Sure, there are some situations where you cannot connect to internet, but it's really in minority.
The problem with "always online" DRM is not that "there are situations that you can't connect to the internet". The problem is that you rely heavily on the other site and the medium for it to work flawlessly.
Let me give you an example (there is a problem with it and I reckon right from the start): It's a matter of only 2 or 3 years that Blizzard changed the maintenance cycle of their oceanic servers in WoW to coincide with the Oceanic timezone. Before that, any WoW player in Australia (for example) would get home on Tuesday and find that the maintenance cycle had just started. And that it was later extended another another for whatever reason.
Reports of Blizzard losing connecting to whole networks (like AT&T) happened even recently.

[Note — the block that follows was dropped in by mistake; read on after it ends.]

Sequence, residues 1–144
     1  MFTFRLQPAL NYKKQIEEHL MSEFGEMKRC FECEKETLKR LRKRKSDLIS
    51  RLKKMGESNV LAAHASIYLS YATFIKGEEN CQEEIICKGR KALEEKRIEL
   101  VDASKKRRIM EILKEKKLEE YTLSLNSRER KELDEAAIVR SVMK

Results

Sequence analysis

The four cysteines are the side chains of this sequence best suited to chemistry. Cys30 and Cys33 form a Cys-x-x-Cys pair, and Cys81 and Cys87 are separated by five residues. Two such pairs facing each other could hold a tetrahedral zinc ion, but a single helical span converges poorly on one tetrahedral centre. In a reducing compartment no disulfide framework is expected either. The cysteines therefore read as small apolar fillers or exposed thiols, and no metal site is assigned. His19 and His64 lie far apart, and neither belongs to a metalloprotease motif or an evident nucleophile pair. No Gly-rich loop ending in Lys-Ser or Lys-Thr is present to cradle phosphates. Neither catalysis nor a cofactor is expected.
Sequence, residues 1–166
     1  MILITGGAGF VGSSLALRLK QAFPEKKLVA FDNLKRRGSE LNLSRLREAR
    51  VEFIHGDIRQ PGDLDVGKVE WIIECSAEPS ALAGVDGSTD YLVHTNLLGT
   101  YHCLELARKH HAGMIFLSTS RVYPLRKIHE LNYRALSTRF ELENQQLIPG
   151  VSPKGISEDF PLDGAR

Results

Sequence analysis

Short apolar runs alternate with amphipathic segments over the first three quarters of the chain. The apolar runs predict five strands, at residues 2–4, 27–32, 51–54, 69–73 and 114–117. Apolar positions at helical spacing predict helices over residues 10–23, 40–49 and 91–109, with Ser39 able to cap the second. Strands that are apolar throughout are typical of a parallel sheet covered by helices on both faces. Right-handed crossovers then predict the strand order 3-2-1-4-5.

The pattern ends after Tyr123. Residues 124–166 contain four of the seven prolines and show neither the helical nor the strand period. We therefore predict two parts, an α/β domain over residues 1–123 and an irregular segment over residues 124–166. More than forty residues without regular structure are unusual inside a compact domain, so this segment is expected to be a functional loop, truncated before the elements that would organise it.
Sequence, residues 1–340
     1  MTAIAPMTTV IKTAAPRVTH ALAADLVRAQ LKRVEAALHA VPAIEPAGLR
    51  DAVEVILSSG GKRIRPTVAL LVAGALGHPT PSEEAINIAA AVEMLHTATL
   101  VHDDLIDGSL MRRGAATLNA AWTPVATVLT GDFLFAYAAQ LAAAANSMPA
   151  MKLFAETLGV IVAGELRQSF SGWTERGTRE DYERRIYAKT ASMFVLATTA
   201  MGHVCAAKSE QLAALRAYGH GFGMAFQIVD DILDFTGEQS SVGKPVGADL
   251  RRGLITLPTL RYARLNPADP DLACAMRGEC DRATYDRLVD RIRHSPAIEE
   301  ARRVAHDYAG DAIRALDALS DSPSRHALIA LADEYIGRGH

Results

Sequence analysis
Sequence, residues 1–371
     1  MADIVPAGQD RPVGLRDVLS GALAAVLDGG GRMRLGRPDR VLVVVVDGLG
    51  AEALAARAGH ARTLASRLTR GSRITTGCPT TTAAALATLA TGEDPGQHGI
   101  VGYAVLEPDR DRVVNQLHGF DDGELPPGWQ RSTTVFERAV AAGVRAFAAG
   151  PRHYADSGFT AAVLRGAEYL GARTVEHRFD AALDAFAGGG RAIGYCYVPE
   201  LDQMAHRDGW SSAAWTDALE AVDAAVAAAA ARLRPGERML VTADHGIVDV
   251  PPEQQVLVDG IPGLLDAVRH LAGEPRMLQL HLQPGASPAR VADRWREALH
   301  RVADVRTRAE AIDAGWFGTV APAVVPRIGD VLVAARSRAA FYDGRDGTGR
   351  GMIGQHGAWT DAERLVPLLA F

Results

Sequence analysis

Now imagine that you finally got a day off. It's a rainy day, there is nothing going on, so you decide to play Diablo 3. And then you get the news that the servers are down or that there is a problem with the connection of Blizzard and your provider or Anonymous got ripped off in some Real Money AH and decided to bomb Battle.net login servers. Now what?
There are too many variables to give you an 100% fun experience with it.
I have no problems if they required a Battle.net account with a registered Diablo 3 key in it to play multiplayer (i.e., the lack of LAN play). My problem is that I may want to have a quick fix and I have to go to a check list to make sure I'll have fun.